The Sierra Nevada Conservancy and the USDA Forest Service have launched the Sierra Nevada Watershed Improvement Project, or WIP. This video explores the program which is attempting to create a healthy and resilient Sierra Nevada region.
Save California: The Urgency to Restore Our Primary Watershed
A Summit co-sponsored by the Sierra Nevada Conservancy and United States Forest Service took place in early March in Sacramento, CA, to discuss developing a coordinated, collaborative program to restore the health of California's primary watershed.
Building on broad consensus within the scientific community, key presentations addressed the state of the Sierra Nevada's forests, the benefits the region provides to all of California, and the short and long-term impacts from its forests' wildfires.
Following the scientific panel, there was be a facilitated roundtable discussion to propose solutions to protect the Sierra Nevada region and to restore California's primary watershed.
The summit's outcome will highlight multi-agency consensus on the strategies that will comprise the Sierra Nevada Watershed Improvement Program.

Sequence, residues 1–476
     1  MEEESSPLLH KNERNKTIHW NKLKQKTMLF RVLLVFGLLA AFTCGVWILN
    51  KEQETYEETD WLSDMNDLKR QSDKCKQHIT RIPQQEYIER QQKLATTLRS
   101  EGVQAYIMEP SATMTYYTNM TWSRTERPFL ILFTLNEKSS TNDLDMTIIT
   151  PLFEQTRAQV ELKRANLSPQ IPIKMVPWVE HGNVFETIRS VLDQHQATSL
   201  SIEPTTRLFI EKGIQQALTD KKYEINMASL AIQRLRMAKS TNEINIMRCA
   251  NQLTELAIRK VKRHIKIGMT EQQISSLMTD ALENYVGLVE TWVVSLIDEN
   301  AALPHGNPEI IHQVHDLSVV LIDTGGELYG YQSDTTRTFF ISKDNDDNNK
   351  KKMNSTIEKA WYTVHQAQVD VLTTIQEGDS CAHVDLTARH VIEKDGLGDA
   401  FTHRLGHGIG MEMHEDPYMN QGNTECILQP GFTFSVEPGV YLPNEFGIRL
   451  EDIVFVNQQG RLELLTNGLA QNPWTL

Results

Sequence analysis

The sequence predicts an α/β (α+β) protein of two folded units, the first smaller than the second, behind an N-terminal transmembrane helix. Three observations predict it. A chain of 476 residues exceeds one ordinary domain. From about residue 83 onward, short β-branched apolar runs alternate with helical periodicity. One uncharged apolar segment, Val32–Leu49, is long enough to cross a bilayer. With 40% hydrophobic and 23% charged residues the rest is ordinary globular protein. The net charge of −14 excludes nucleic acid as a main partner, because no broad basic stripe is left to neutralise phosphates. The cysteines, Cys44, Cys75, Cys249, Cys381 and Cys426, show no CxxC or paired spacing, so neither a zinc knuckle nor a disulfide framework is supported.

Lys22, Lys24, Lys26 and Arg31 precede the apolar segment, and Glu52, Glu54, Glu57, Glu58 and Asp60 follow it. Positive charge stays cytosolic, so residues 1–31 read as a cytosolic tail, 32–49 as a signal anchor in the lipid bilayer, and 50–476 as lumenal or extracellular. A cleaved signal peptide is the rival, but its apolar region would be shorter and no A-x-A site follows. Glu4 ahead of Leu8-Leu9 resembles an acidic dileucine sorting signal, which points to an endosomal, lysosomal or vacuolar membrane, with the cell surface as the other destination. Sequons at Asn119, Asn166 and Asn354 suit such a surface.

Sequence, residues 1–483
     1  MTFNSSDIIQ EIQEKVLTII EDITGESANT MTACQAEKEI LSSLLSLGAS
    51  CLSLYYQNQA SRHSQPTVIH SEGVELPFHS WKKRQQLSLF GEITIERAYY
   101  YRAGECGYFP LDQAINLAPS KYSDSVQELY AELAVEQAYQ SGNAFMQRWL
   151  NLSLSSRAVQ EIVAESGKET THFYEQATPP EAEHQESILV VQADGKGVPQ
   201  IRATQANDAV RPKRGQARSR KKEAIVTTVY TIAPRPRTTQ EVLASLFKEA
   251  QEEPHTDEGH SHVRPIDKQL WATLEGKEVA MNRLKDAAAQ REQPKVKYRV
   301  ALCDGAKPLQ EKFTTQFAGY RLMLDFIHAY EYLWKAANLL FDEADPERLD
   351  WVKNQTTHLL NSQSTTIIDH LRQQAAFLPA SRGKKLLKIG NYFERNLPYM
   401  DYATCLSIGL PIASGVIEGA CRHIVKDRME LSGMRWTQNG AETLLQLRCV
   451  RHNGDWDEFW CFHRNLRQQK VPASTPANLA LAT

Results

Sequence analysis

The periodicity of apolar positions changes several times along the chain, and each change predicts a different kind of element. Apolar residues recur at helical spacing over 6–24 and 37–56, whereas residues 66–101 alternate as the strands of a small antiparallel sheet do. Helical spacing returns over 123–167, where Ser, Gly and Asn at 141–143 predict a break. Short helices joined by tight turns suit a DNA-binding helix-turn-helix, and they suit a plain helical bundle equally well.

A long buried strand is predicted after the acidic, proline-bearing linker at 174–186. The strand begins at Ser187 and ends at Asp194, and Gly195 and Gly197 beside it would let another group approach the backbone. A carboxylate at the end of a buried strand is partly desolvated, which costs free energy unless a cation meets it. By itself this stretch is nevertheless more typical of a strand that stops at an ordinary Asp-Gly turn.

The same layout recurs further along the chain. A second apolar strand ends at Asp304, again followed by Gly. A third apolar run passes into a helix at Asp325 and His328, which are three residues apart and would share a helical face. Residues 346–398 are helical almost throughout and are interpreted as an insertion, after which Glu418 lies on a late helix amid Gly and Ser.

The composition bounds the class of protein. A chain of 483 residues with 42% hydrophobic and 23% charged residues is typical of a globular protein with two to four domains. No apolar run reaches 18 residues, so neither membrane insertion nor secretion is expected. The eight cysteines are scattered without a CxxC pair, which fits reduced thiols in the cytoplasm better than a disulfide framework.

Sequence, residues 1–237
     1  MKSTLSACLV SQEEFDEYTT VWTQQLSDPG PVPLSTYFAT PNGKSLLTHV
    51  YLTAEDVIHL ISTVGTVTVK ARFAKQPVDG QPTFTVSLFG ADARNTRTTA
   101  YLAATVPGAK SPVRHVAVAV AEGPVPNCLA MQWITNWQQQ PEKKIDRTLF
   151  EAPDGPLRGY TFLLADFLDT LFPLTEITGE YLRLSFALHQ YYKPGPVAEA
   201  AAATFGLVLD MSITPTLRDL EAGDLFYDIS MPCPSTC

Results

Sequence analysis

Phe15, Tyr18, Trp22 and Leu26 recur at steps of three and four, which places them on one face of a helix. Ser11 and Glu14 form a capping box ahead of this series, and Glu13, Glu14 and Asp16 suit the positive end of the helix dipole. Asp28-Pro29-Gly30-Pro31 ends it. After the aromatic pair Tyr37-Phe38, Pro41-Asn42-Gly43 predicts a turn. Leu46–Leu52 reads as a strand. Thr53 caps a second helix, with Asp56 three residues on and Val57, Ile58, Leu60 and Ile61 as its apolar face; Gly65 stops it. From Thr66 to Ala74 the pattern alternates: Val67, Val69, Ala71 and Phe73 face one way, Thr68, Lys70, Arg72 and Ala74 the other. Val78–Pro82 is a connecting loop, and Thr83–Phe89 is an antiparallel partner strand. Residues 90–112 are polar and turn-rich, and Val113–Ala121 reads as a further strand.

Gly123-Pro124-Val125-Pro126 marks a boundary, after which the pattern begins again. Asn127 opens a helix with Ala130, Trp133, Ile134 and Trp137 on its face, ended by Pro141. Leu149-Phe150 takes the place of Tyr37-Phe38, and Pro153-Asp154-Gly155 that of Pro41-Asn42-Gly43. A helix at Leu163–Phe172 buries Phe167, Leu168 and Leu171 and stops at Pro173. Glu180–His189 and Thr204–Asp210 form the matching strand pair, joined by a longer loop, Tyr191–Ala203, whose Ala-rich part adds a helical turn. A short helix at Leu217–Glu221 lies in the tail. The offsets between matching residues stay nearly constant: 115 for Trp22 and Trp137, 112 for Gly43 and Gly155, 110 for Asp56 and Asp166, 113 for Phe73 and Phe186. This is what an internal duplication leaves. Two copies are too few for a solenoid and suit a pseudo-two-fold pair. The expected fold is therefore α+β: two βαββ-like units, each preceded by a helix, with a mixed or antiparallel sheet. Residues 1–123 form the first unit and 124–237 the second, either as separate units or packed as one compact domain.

The Sierra Nevada Watershed Improvement Program (WIP) is a coordinated, integrated, collaborative program to restore the health of California's primary watershed through increased investment and needed policy changes.
This comprehensive effort is being organized and coordinated by the state's Sierra Nevada Conservancy (SNC) and the federal United States Forest Service (USFS), in close partnership with additional federal, state, and local agencies, and diverse stakeholders.
Why do we need an improvement plan?
Sierra Nevada forests and watersheds are at a critical point. Failure to understand the urgency of the situation in the Sierra Nevada will have devastating impacts on California's economy and water supply. The potential for more megafires like the Rim Fire is high, and research demonstrates that, in many Sierra Nevada forests, there is a clear upward trend of larger, more intense fires.
A changing climate will only exacerbate the situation and have additional impacts on these watersheds.
A well-coordinated, comprehensive program that increases the pace and scale of restoration is essential to address the conditions that currently exist and are not going away.
The Sierra Nevada WIP will require significant efforts by many agencies, stakeholders and the public. The challenges to achieving the WIP's objectives are numerous, but at the same time the opportunity to build off of the consensus around the need act swiftly is substantial.
Our failure to seize this opportunity will have implications throughout California.